What do “Socorro Nobre,” “Uma noite em 67,” and “Cabra Marcado para Morrer” have in common? All three are Brazilian documentaries, but at first, few other similarities to come to mind.
“Uma noite em ’67” (A Night in ’67) is about the Brazilian Popular Music Festival of the 1960s and its impact, not only on Brazilian pop culture but on the global music scene. “Cabra Marcado para Morrer” (20 Years Later) details the long, arduous process of filming a movie about João Pedro Teixeira, who led the resistance of the mill workers in northern Brazil. “Socorro Nobre” is about freedom and new beginnings across social classes and racial lines. On some level, however, all three documentaries tackle issues of freedom and identity.
They are part of the National Gallery of Art’s Cruzamentos winter film series. The lineup includes more than 30 contemporary Brazilian documentaries and short films made between the 1970s and today. Cruzamentos, Portuguese for “crossroads,” also has a more poetic definition: “hybridity.” The word refers as much to the intersecting themes of the films in the series as the interplay between Brazilian and international film worlds. Playing at the National Gallery of Art through Feb. 28, the series is a sort of conversation between Brazilian cinema and contemporary international cinema, allowing audiences to familiarize themselves with their traditions and history.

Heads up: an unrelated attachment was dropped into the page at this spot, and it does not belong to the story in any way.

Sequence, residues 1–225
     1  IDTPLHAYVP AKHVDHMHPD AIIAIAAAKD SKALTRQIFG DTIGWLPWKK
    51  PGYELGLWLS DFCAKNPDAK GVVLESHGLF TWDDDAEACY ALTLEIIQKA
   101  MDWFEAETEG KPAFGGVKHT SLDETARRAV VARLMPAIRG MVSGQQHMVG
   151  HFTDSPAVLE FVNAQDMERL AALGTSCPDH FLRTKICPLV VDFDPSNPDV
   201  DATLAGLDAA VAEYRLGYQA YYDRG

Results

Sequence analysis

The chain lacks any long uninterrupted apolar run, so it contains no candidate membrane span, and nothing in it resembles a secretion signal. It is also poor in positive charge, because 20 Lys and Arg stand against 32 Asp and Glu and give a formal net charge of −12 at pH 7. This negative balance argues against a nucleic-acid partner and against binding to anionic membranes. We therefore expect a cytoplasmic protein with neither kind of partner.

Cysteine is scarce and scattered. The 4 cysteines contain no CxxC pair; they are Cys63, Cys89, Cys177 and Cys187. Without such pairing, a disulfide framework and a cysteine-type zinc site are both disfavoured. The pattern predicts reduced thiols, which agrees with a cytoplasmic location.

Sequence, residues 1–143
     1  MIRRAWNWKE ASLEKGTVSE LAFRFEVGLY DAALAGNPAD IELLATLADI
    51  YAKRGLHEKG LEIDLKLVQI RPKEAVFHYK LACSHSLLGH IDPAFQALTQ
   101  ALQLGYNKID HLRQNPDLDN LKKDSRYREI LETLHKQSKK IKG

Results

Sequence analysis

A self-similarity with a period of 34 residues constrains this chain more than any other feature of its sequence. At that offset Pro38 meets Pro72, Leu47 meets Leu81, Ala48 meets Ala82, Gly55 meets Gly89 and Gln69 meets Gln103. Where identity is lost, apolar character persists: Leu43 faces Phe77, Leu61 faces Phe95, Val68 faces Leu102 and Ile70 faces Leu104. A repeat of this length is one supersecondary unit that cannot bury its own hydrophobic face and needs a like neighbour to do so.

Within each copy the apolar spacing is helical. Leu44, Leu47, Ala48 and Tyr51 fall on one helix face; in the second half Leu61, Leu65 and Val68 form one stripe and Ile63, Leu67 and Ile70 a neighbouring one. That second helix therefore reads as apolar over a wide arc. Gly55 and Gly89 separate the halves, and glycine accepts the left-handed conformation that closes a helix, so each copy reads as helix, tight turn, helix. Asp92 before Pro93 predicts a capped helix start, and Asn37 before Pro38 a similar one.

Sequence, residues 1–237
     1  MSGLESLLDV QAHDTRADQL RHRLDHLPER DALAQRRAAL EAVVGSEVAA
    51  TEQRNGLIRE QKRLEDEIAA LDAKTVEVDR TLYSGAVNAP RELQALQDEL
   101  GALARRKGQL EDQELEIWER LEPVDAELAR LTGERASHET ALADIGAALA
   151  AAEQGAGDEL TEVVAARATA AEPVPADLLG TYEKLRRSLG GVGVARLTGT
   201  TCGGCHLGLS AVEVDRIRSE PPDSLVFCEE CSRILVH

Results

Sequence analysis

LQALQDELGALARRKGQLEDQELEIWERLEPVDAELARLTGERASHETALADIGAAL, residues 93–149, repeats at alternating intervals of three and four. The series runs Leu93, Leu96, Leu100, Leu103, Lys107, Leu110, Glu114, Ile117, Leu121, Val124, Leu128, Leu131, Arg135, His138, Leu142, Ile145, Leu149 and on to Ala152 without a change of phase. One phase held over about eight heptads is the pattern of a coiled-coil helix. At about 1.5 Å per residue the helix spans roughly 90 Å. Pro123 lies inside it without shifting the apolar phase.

Cruzamentos continues through the end of February. Admission: Free.
Feb. 27 at 7 p.m.:“Socorro Nobre” followed by the Oscar-nominated 1998 feature film, “Central Station,” both by the renown Brazilian filmmaker Walter Salles. For the full schedule click here.